• Plastic bags
  • Plastic bottles
  • Steel cans

These are items that would will find everyday in your own house. Just find yourself a large box/bin to place all these items when you are finished with them. You could even decorate the large box and label it ‘Recycling‘ so that even visitors can see that you are trying to help the environment.

But other than recycling, how else can you help the environment?

  • Walk or cycle to school
  • Take shorter showers
  • Make sure all lights are switched off when they are not needed
  • Reuse water bottles etc, instead of throwing them away once you’re done.

Extra, Extra! Read All About Dinosaurs!

5 01 2012

Even though dinosaurs died out 65 million years ago at the end of the Cretaceous Period, they’re still making headlines today. Here at the Austin Children’s Museum our feature exhibit, Dinosaurs: Land of Fire and Ice is reaching it’s extinction point; the last day to stomp around with the “terrible lizards” is January 16th. That doesn’t mean that we’ll stop being fascinated by these  ancient creatures. Dinosaur discoveries are happening every day. Here are a few recent news items where dinos and their prehistoric pals made headlines:

Discovery News reports that a “Dinosaur Freeway” has been discovered in Colorado. The 98 million year-old highway consists of over 350 tracks from dinosaurs that traveled along what was then coastal plains. Read all about the discovery and how dinosaurs roamed by clicking this link.

A theropod dino foot from the exhibit.

– Across the pond in Germany, a prehistoric marine reptile from the order Ichthyosauria was found by a private collector looking for fossils alongside a (human) freeway construction site. German newspaper, the Local, describes the importance of the discovery – the newly unearthed reptile lived between 65 and 145 million years ago and up until its discovery, scientists had thought that the Ichthyosauria was extinct by then.

The Smithsonian reports that long before the first paleontologist sat behind a desk studying fossils, mysterious tracks and bones were shaping folklore around the world. As recently as the 1950’s, villagers in small Chinese towns had traded stories about mythical birds and creatures that traveled near the villages and brought good luck. Read the full article to learn how these folktales help paleontologists make new discoveries.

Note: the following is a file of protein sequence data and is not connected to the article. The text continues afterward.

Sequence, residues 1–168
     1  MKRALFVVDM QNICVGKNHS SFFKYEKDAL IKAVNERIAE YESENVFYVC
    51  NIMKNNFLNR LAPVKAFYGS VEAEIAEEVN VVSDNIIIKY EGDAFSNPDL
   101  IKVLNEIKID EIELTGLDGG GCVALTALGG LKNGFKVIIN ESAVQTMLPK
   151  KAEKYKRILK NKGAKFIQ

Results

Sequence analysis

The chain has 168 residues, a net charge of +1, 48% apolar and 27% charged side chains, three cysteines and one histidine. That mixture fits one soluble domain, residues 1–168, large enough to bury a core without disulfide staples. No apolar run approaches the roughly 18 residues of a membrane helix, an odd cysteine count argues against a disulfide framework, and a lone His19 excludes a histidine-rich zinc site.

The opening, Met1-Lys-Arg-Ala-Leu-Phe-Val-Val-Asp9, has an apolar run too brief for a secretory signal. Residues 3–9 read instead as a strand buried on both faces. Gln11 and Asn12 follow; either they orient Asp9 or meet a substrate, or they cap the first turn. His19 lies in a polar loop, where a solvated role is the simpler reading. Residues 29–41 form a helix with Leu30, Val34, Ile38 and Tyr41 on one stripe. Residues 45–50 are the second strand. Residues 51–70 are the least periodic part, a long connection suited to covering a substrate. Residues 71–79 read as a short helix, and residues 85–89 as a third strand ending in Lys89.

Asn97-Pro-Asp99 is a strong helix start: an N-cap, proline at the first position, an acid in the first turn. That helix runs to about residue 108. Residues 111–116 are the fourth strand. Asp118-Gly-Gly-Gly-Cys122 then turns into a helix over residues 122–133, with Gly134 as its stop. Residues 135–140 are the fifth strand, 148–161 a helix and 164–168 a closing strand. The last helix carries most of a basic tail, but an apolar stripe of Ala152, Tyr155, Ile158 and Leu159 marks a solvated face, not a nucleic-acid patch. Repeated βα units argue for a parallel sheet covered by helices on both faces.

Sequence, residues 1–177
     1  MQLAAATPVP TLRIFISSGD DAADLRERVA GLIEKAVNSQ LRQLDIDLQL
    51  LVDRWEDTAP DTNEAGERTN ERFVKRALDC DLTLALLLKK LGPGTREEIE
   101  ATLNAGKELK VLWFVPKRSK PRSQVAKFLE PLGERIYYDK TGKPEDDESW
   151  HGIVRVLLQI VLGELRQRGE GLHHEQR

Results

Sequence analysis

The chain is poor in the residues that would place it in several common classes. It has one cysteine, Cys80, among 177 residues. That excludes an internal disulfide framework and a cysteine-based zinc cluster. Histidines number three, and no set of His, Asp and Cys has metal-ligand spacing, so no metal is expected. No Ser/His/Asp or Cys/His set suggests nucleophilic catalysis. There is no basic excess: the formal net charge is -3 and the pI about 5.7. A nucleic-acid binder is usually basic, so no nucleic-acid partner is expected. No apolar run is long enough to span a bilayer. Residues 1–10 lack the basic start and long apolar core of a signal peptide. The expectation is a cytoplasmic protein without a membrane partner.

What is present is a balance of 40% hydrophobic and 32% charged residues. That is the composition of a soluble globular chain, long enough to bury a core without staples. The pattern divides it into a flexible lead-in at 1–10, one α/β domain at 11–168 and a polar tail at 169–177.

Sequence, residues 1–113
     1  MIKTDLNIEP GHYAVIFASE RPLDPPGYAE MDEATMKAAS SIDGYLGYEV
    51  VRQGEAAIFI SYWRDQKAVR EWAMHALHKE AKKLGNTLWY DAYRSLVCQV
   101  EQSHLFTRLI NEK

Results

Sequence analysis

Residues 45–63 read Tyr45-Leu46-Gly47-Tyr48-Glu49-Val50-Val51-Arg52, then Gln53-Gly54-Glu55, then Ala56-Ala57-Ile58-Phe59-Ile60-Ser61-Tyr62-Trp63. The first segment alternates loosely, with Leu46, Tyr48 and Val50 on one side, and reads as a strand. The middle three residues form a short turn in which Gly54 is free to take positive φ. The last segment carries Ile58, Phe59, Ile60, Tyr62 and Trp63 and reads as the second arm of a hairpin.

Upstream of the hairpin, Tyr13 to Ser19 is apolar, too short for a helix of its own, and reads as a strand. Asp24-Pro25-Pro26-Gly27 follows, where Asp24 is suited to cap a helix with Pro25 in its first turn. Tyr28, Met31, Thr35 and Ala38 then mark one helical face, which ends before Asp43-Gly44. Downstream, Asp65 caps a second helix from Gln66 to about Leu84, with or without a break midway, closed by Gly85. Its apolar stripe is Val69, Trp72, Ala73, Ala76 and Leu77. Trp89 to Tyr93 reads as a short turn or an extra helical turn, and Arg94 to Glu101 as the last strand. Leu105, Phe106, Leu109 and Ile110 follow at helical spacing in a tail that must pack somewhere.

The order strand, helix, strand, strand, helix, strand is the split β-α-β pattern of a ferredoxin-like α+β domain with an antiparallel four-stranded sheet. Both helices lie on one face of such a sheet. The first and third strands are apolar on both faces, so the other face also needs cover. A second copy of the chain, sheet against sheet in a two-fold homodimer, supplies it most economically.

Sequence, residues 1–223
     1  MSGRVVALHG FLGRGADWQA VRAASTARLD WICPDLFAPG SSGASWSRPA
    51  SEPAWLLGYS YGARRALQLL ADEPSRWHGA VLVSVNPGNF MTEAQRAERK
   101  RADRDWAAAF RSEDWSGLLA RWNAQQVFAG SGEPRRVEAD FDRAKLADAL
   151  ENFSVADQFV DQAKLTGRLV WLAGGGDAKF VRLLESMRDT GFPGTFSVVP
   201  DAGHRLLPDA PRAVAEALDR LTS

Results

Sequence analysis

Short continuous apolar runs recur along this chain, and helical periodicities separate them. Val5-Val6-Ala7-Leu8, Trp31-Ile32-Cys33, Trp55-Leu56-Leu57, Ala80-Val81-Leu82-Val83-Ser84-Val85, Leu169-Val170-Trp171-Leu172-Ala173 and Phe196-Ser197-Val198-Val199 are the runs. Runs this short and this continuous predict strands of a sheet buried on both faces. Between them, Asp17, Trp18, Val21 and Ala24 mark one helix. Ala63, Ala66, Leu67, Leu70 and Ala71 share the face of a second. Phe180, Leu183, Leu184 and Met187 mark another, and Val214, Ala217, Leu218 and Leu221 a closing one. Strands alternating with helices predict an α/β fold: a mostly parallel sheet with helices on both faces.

Come visit the dinosaurs before they become extinct!

– Biologists and engineers at UC Berkeley are learning a thing or two about balance from dinosaurs and modern lizards. The research team tested a hypothesis that theropod dinosaurs used their tails to stabilize themselves while they ran and leaped. Students created a robot, named Tailbot, that uses its tail to keep balance. Find pictures and more information by reading the full article.

– And we’ll close out our dinosaur news cast with a heartwarming human interest story… a 4 year-old Canadian girl has found some internet fame with a video where she analyzes the inaccuracies of a model dinosaur in a toy shop. Her video got special attention from the Canadian Museum of Nature who sent her a more anatomically correct dinosaur model. Watch Stella explain why the triceratops toy is anything but and read about her interest in science over at the Ottowa Citizen’s site.

Thankful Turklings!

21 11 2011

The turkey is an American celebrity. It is one of the most famous birds in North America. In fact, Benjamin Franklin wanted to make the wild turkey the national bird of the United States instead of the bald eagle!The wild turkey we usually see in pictures is not the same as the domestic turkey that we eat at Thanksgiving. Domestic or tame turkeys weigh twice what a wild turkey does and are raised on farms. Most domestic turkeys are so heavy they are unable to fly.

Wild turkeys on the other hand, can fly. They sleep in the low branches of trees at night, and how else would they get to their bed but by flying. They spend their days foraging for food like acorns, seeds, small insects and wild berries. Wild turkeys are covered with dark feathers that help them blend in with their woodland homes. The bare skin on the throat and head of a turkey can change color from flat gray to striking shades of red, white, and blue when the bird becomes distressed or excited.